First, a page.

• 1968
  • 1967
  • 1910
  • 1904

That’s two years that were historically favorable to pitchers, two Dead Ball Era teams, and nobody else. While batting average has been rightfully usurped by more meaningful stats when it comes to production, it still captures the simple satisfaction of reaching base with a hit, and the White Sox were so short on them in 2018.

Strikeouts: 1,594
Most since: LOL

When you set the major league record for strikeouts in a single season by a team, those hits are harder to come by.

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Jim Margalus
Jim Margalus

Writing about the White Sox for a 16th season, first here, then at South Side Sox, and now here again. Let’s talk curling.

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Sox should go after Brantley and Pollock this year to fix some of strike out and getting on base issues they had. Maybe add Donaldson on a one year deal so he can rebuild value and go after Rendon or Arenado next year.

As Cirensica

What an embarrassment of a team. What an embarrassment of a FO. Sometimes I believe that winning the WS in 2005 was short of a miracle.

Speaking of which, since 2005 (Incl.), the White Sox are DEAD last in fWAR production for position players (Click here)

Significantly low budget teams like the Rays or the Indians or the As have out produced the White Sox positional players by a wide margin. This is not a small sample size. This is pretty much the whole reign of the duo KW/RH which includes a WS champion team. Even teams managed by a horrible human like Jeffrey Loria has out produced the White Sox by a whopping 9 Mike Trout/years.

KW/RH have been able to extract so much value from Don Cooper (White Sox is 3rd in fWAR in pitching on the same period) that they should give half their salaries to Cooper. But even Cooper is fading away since the White Sox pitching production has been declining in recent years…yeah, blame the rebuild or the tanking or the moon or climate changing.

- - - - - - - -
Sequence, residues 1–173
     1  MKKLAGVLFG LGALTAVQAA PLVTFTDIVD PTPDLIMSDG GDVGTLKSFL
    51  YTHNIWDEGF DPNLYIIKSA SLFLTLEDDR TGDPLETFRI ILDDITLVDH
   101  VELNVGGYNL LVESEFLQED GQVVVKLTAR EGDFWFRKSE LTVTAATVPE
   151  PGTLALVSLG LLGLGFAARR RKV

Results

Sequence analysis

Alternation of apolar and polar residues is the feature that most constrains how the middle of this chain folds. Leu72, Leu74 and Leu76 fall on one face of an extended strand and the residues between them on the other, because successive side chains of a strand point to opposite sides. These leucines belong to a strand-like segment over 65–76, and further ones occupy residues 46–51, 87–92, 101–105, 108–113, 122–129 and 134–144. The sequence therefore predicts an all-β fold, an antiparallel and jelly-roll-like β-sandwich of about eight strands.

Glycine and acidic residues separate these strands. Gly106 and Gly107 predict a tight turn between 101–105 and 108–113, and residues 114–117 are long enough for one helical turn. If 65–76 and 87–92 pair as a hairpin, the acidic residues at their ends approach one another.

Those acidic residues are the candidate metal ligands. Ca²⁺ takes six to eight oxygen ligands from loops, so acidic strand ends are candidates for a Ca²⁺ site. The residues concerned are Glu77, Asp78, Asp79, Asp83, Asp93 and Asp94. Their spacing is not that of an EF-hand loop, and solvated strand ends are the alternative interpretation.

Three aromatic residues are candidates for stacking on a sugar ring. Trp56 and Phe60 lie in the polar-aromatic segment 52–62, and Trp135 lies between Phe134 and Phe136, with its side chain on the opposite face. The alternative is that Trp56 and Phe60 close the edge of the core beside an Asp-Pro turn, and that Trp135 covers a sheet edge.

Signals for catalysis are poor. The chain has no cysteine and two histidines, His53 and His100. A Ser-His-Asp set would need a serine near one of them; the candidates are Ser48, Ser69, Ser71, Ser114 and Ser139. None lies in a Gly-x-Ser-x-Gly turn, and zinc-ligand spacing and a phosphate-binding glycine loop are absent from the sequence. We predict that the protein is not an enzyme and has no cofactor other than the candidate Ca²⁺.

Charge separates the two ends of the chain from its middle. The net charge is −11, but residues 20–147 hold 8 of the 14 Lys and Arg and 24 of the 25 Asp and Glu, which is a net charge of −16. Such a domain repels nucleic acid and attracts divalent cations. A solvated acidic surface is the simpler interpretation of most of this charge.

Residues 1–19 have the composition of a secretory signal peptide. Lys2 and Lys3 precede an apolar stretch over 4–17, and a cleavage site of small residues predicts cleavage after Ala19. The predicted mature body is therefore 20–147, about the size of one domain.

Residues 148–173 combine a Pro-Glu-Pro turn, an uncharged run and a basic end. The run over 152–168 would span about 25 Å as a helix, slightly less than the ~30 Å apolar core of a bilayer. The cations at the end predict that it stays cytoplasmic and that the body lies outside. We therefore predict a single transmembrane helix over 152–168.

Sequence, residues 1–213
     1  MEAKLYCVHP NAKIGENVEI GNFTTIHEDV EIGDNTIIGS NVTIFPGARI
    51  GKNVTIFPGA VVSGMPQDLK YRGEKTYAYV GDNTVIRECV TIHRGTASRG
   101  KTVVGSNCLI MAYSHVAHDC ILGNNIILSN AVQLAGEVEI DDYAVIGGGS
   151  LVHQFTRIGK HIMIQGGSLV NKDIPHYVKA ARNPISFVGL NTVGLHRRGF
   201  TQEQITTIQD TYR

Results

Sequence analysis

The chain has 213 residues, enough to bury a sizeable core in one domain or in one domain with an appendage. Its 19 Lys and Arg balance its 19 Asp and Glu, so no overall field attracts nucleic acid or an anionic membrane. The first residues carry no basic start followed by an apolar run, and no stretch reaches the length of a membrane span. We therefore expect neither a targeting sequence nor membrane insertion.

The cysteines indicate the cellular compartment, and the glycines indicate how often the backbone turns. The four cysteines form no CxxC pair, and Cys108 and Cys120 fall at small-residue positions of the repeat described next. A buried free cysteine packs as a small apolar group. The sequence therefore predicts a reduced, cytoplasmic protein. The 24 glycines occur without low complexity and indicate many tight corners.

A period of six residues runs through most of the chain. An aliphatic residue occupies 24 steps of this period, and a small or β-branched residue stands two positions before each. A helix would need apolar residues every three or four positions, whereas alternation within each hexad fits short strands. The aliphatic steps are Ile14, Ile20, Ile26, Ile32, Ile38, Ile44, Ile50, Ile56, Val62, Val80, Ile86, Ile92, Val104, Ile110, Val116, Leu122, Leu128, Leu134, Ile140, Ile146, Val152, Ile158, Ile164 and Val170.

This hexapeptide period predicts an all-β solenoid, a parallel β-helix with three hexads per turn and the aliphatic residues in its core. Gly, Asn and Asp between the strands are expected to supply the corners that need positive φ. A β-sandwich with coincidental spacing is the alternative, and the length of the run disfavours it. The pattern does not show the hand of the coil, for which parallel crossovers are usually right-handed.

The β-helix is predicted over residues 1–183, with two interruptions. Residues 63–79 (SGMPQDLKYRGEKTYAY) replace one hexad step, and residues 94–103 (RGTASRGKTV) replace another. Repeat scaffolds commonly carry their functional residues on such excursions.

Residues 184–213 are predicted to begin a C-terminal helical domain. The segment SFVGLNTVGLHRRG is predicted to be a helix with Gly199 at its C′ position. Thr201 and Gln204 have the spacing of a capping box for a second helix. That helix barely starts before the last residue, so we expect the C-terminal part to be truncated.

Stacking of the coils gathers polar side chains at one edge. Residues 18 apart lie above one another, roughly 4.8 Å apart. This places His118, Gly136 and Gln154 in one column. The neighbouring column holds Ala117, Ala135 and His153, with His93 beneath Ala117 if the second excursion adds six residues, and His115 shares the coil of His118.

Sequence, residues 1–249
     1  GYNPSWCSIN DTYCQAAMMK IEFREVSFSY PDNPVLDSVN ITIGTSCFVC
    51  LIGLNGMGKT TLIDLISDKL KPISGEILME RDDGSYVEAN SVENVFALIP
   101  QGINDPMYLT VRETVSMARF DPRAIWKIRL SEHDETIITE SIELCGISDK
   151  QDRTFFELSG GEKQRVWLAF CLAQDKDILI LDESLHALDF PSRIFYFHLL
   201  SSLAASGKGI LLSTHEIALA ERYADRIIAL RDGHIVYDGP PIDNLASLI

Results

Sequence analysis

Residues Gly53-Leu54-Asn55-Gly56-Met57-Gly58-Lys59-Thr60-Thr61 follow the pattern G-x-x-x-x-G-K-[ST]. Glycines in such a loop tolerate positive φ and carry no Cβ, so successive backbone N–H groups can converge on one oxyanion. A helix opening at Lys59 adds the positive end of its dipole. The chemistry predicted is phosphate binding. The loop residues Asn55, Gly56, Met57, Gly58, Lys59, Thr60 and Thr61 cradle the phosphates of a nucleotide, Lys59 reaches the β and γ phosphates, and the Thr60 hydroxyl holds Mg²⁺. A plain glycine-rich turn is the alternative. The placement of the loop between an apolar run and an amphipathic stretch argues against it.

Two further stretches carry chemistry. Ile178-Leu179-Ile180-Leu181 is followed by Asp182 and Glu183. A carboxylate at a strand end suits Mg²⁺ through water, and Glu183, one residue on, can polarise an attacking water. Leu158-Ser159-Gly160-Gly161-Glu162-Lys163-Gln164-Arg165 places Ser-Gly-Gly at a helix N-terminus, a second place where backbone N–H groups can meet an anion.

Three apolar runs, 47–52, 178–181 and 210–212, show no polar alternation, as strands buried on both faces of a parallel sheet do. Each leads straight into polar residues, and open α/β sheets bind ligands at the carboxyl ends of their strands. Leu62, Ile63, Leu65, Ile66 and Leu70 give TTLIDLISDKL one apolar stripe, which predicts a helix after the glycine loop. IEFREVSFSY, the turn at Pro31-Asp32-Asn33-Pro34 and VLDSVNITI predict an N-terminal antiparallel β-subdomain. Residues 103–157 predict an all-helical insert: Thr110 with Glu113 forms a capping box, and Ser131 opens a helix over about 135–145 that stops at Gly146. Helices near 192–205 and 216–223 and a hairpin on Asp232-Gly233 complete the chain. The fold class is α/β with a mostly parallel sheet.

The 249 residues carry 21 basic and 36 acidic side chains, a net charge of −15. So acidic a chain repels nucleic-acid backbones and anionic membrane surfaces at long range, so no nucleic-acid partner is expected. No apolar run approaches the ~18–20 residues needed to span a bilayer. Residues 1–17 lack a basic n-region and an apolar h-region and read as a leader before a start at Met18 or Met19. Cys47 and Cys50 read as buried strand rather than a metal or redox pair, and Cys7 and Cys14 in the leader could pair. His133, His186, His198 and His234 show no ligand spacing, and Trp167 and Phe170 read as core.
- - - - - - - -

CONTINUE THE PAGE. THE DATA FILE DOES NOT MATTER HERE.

KW/RH assessment of positional players has been the worst of all FOs in the last 15 years, and it can’t be argued. That they are still employed is just not baffling, but some might argue that Reinsdorf’s only interest is to make money (no winning games), and the only explanation KW/RH are still employed is that the White Sox are somehow making money to the Reinsdorf’s family.

I strongly believe, unfortunately, that the White Sox won’t be contending as long as KW/RH are in command. They are just inept at putting a baseball team together. Eloy, Kopech, etc will need to be surrounded by competent players, and RH/KW will once again fail to do that. Don’t believe me? Am I pessimist? I have 13 years of stat backing me up. What do you have?


Unfortunately, you are absolutely right. They must change their approach this offseason if we will see anything out of this rebuild. But I’m not sure KW/RH are capable of changing their approach. I sure hope they prove me wrong, but I’m not betting on it.


Nailed it! With rev sharing and tv money, the smartest man in the room is Reinsdorf. Until the FO and coaching staff are gone, there is no rebuild.


If the Sox are ever going to contend, they have to find position players who can actually put a bat on the ball. Fielding is also an asset.
Package the pitching talent (everyone and anyone but Cease) with Yoyo for hitters. Trout is gettable. Open up the checkbook and overpay for the talent that is out there.
Holland23 is on the right track here, but they can and should aim even higher.
But, we know that is not going to happen.
The Blackhawks may be back and the Bears definitely are. In the Battle for Chicago, wave the white flag.